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“Does the agency employ a nurse, social worker or other qualified professionals to make regular visits to the client’s home?” This is an ideal situation and it should be part of every contract, but reality tells me that it’s not done often by many agencies. Nevertheless, you should ask this question. It’s possible that the agency does make these visits, but even if they don’t they will get the message that someone, maybe you, will be checking up on how things are managed.

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Patient statement of rights

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Kazanowski says that you should ask if the agency provides a written document that states the rights of the patient, and the responsibilities of the client, and explains the company’s privacy policy and code of ethics. From my experience this is standard procedure but certainly ask before you sign up if you are not offered such a document. It’s essential that you have this information in writing, signed by the agency head.

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Thorough employee screen essential

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Does the agency triple-screen their caregiver employees carefully, including use of reference checks, driving records and criminal background investigations? This may be one of the most obvious questions, but all background checks aren’t equal. Make certain that the agency does a paid, deep background check into the personal and professional life of the caregivers sent out to homes.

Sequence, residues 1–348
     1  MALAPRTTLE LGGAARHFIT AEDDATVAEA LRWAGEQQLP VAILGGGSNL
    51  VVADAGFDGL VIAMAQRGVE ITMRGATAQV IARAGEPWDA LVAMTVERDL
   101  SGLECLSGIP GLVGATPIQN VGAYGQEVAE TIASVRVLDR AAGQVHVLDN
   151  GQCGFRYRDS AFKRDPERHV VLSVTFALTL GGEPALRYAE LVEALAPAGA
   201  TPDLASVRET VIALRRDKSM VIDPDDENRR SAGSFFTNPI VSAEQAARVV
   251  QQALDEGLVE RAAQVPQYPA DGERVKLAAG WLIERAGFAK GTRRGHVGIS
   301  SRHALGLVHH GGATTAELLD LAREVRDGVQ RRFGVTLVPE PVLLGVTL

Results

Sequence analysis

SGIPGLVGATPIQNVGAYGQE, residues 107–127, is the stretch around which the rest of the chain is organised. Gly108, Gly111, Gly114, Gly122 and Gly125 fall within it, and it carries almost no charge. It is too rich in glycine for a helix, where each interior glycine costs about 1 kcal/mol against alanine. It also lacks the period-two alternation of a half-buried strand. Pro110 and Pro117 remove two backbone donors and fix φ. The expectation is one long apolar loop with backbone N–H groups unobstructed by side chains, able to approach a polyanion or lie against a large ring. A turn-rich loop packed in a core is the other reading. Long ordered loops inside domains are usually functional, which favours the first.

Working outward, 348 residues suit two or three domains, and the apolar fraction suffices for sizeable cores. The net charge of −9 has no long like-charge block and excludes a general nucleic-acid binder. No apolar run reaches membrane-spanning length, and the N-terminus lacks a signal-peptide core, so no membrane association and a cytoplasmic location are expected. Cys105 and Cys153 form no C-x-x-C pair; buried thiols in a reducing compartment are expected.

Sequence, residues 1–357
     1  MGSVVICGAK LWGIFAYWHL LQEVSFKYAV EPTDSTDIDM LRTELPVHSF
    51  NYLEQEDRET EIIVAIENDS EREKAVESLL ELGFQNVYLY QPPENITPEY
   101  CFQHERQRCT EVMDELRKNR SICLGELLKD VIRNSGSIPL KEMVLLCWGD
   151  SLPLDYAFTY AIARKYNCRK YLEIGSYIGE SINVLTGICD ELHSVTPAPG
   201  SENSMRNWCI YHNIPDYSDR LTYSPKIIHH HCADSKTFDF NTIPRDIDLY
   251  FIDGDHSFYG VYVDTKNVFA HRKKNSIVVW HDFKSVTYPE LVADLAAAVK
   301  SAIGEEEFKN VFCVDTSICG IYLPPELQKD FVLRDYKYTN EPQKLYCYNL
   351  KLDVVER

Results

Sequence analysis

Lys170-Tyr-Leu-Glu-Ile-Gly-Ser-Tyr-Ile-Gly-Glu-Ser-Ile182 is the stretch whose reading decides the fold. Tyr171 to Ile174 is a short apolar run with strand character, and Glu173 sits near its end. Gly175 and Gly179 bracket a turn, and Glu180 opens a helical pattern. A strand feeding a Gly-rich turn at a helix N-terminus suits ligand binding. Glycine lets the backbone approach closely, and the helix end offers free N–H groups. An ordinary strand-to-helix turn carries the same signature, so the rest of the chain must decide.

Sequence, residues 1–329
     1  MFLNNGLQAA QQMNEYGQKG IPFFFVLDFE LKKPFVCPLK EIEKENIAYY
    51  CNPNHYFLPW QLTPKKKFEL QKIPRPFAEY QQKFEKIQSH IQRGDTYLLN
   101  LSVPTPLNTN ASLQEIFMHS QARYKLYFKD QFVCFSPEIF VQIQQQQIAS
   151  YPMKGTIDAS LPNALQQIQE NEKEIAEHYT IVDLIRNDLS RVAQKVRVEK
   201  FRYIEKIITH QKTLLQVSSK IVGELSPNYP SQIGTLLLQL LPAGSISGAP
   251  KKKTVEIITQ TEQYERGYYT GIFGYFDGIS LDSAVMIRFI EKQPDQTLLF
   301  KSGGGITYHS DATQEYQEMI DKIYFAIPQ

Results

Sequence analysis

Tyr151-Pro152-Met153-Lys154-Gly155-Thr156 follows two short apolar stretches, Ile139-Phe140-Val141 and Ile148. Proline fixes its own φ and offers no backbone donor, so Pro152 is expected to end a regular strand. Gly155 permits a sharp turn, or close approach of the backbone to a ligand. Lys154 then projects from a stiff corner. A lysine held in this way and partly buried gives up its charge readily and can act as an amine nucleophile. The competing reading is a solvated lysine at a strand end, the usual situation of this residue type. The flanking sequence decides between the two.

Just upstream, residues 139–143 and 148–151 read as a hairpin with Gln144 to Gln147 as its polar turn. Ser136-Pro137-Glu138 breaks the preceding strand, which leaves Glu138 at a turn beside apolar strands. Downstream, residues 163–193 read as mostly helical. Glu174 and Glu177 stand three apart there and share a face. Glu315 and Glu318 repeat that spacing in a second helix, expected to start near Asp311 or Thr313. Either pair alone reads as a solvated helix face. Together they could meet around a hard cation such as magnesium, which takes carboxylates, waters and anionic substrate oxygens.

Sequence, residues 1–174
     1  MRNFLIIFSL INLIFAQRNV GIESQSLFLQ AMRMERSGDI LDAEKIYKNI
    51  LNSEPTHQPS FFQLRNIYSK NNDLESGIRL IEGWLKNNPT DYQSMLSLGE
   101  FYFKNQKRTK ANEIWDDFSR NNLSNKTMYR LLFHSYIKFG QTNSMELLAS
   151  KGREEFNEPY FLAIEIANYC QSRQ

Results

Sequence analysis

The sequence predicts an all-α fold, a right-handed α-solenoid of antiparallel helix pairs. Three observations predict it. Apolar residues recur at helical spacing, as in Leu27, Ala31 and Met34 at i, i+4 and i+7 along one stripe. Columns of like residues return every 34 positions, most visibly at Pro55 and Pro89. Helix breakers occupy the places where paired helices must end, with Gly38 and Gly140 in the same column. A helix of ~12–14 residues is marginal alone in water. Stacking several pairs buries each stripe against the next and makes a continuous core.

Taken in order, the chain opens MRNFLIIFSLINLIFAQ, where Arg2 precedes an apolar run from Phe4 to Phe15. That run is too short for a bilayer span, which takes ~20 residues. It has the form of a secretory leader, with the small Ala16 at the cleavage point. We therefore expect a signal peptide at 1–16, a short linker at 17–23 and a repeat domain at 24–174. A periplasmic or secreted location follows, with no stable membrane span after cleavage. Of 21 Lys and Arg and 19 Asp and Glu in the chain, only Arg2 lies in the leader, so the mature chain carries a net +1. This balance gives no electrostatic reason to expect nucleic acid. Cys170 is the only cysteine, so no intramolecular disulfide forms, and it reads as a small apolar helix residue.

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Ongoing training for staff

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Mandating ongoing training to update skills should be part of the agency policy. Kazanowski considers this important, as do I. As a family caregiver, I went through a virtual Alzheimer’s training program that forever changed my life. In my opinion, every caregiver should have similar training, if available, and many other updated classes are also needed. Such training underscores skills and the need for compassionate, person-centered care.

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Payroll- and employee-related matters

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One reason to go through an agency rather than hire an independent caregiver is that you can eliminate a large amount of paperwork. Kazanowski says to ask if the agency manages all payroll and employee-related matters and if it adheres to state and federal guidelines in its employment practices, such as withholding appropriate taxes and providing workers’ compensation and other benefits. You don’t want to have legal issue to cope with on top of all of your other concerns.

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Supplemental staff

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Kazanowski’s final question on the list has multiple parts. He says to ask if the agency also uses independent contractors and if so, who employs the person and what type of background checks do they do on these contractors. Also, he says to ask who pays the mandated taxes and withholding for these people. In my opinion, the agency should handle all of these issues. That is the reason that you are going through an agency rather than handling this independently.

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The takeaway

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Lining up in-home help for your vulnerable loved one is stressful. One of the biggest complaints that I hear from people is that caregivers don’t show up and the family has to scramble to fill in. Finding out how an agency provides staff when the regular caregiver can’t make it is vital. It’s your right to ask questions of an agency that you hire, so do so. Be friendly, but make it plain that you need answers.